In the first aerial crossing of the South Atlantic, by Gago Coutinho and Sacadura Cabral in 1922, several methods of astronomical maritime navigation were used with adaptions to aerial navigation. In order to apply these methods, the navigator needed to know the approximate altitude of the aircraft so that its position could be determined. The instrument available at that time, the altimeter, did not give reliable values for altitude. Therefore, Coutinho had to devise a method that enabled the navigator to determine the altitude quickly and efficiently. The method Coutinho devised is based on a mathematical and geometrical procedure. In this paper, we study in detail Coutinho's method to determine altitude, with diagrams to aid understanding of the deductions and calculations. We also present a real example of how this method would be used during the flight.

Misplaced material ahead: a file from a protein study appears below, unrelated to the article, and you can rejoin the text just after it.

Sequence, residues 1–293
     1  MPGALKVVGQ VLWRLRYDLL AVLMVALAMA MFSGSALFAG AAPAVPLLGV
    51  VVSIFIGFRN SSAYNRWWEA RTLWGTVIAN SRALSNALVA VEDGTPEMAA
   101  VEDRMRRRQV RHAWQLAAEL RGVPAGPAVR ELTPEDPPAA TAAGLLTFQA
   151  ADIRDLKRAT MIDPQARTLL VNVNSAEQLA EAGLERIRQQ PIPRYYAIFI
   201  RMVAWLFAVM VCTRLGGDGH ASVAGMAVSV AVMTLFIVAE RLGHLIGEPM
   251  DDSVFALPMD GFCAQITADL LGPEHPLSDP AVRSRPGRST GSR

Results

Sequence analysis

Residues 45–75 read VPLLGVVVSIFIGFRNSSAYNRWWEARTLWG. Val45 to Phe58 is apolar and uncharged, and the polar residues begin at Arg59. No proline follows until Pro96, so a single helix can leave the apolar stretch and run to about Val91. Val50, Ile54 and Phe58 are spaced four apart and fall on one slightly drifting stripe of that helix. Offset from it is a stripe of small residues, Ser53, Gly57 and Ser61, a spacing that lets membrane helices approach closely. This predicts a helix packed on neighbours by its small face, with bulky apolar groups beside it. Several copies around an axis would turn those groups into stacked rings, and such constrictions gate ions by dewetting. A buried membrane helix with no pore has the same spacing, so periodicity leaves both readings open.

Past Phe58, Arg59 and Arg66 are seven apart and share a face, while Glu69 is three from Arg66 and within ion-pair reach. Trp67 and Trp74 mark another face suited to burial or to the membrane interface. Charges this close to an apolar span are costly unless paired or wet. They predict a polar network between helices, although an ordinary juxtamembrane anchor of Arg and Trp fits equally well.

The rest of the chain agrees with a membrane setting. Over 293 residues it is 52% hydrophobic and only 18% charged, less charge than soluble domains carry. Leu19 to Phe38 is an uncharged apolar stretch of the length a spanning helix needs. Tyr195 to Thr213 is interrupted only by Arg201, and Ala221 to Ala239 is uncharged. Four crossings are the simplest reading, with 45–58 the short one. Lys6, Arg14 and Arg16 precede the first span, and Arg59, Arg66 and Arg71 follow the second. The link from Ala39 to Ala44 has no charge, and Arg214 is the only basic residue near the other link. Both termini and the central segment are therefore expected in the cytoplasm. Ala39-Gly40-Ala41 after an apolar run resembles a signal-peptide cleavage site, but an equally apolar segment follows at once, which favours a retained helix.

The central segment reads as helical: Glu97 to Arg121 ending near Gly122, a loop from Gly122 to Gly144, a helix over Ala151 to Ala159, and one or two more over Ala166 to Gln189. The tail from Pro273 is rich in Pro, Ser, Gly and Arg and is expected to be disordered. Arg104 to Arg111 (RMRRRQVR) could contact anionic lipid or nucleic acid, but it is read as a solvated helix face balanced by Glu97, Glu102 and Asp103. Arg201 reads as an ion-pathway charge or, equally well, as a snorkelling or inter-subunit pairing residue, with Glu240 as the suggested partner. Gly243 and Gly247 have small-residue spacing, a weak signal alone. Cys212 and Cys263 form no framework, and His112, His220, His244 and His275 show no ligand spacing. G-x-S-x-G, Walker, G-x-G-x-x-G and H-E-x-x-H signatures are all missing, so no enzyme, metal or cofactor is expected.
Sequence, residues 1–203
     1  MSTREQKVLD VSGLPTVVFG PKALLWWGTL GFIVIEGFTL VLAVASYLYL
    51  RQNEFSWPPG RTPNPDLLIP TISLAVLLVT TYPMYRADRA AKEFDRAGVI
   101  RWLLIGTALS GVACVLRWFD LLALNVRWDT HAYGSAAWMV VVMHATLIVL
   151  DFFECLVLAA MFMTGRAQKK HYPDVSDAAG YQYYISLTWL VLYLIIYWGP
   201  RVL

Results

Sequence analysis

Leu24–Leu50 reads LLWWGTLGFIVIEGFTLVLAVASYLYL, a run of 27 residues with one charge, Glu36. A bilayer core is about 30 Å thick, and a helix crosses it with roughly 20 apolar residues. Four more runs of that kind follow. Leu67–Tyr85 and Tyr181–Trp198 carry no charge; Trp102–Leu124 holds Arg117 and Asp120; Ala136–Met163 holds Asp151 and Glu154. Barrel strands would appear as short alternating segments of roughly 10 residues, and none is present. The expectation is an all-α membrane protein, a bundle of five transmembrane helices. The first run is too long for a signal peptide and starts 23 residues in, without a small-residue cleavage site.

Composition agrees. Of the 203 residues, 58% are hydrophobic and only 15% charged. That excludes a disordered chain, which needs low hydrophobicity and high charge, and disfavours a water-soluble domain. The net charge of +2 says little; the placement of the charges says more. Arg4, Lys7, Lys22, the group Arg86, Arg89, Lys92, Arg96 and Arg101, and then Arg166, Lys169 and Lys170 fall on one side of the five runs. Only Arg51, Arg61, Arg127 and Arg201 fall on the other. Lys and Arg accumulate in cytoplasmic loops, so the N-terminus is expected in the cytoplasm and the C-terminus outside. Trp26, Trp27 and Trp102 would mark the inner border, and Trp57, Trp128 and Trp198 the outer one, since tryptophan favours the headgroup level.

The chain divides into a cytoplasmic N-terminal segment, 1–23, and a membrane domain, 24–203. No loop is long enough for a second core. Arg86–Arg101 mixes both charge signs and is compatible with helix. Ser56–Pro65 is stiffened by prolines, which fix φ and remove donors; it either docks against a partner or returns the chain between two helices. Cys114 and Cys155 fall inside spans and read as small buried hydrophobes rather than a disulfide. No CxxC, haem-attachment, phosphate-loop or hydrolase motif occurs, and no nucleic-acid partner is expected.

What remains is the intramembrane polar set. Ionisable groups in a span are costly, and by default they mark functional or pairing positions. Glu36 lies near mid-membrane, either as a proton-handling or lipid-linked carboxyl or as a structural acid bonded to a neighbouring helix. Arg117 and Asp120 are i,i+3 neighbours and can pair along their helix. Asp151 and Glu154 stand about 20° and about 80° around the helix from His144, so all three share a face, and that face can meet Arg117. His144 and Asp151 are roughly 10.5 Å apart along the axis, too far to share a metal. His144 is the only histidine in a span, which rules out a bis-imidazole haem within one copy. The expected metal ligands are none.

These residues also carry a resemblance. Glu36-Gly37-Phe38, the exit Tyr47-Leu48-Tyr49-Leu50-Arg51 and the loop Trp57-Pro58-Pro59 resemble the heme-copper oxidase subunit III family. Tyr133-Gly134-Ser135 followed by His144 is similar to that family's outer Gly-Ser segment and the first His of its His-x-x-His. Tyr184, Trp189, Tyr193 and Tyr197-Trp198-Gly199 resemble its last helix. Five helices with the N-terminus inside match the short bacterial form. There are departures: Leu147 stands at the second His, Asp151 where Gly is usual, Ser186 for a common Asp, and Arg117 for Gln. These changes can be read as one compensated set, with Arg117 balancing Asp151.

- Gago Coutinho